Past Issues: Vol 1 Issue 3 - Winter 2011

Clinical review

Faecal incontinence in advanced dementia: the nursing role

Published: 2011 Vol: 1 No: 3
Author(s):
Nykki Hetherton
Faecal incontinence is one of the prognostic indicators for the terminal stages of dementia. However, there is minimal information on this distressing symptom in the context of cognitive decline. Faecal incontinence in dementia is often under-reported, under-estimated and poorly assessed and managed, despite being a potentially treatable condition. It has a profound negative impact on the...
Clinical practice development

Lymphoedema management in palliative and end-of-life care

Published: 2013 Vol: 3 No: 3
Author(s):
Catherine Kreckeler
Lymphoedema is a progressive, chronic condition that can have profound adverse effects on the physical and psychosocial wellbeing of sufferers. It tends to be ineffectively managed in palliative care clinical settings and the condition often goes unrecognised and untreated. Multi-layer, compression, decongestive therapy remains one of the cornerstones of lymphoedema management. However, minimal...
Clinical review

Heart-failure patients' thoughts and fears concerning dying

Published: 2011 Vol: 1 No: 3
Author(s):
Kimberley Reeman, Helen Noble
Patients with heart failure experience a variety of reactions to living with a chronic yet terminal disease. These range from acceptance of death to fear of death. Heart-failure patients have a high symptom burden, which adversely affects their quality of life. Patients are very concerned about the burden that their disease places on their informal caregivers. Such concerns can influence their...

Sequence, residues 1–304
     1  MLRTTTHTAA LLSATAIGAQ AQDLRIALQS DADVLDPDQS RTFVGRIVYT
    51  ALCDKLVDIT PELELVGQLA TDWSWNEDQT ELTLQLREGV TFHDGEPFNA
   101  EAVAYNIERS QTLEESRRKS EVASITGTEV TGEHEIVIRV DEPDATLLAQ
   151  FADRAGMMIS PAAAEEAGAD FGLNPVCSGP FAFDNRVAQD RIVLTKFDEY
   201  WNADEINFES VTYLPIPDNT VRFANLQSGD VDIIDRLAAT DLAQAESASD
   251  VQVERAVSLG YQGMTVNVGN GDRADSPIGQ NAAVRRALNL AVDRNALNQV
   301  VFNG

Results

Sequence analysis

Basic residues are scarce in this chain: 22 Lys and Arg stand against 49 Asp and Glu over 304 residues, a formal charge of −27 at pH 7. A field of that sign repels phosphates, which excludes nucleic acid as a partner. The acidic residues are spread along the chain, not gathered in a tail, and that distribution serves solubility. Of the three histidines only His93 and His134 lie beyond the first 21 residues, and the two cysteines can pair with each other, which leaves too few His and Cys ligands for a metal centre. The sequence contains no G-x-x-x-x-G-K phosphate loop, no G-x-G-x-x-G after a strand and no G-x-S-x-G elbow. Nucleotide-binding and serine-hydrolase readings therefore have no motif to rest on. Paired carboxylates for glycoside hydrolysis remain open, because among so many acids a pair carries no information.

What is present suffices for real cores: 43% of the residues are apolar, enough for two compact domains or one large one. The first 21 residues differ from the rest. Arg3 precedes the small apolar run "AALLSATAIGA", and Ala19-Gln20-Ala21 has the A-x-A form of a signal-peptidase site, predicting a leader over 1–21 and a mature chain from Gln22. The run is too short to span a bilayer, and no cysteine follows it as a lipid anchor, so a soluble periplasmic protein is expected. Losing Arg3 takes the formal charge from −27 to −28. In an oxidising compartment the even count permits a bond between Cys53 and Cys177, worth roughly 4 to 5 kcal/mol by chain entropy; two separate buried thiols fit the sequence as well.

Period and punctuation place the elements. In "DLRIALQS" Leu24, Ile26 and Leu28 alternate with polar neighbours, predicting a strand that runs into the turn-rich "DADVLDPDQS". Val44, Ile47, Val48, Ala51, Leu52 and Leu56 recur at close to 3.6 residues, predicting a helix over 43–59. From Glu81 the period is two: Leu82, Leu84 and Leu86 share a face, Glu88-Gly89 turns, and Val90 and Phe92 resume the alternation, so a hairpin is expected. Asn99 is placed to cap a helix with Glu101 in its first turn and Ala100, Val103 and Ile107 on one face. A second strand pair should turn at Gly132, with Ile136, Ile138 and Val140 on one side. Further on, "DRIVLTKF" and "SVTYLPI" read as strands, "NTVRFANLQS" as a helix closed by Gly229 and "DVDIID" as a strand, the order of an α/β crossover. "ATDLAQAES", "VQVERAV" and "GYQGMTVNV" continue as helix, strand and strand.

Clinical skills

Communication vignettes: 'What if I meet "Old Nick", nurse?'

Published: 2013 Vol: 3 No: 3
Author(s):
Helen Scott
Regardless of whether or not older people have a life-limiting illness, they are aware that they are in the final stages of their lives. The very end phase of life can be a significant cause of distress (Lloyd-Williams et al, 2007; Gott et al, 2008). Death remains a mystery and, as it approaches, people may start to feel fearful of the unknown (Saunders, 1987). However, forthcoming death may also...
Research

End-of-life care for the British Asian Hindu community: Preferences and solutions

Published: 2013 Vol: 3 No: 3
Author(s):
Sarah Frearson and Jane Henderson with Bharti Raval, Charles Daniels, Geraldine Burke, Jonathan Koffman
Abstract Background: In the UK, most people prefer to die at home but many still die in hospital. People from black, Asian and minority ethnic groups are even more likely to die in hospital. Little is known about their preferences for location of care at the end of life. Aim: To explore preferences for place of care and death among the British Hindu community and to identify barriers preventing...
Clinical skills

Communication Vignettes: 'You must get her out of bed, nurse!'

Published: 2011 Vol: 1 No: 3
Author(s):
Helen Scott and Vicky Robinson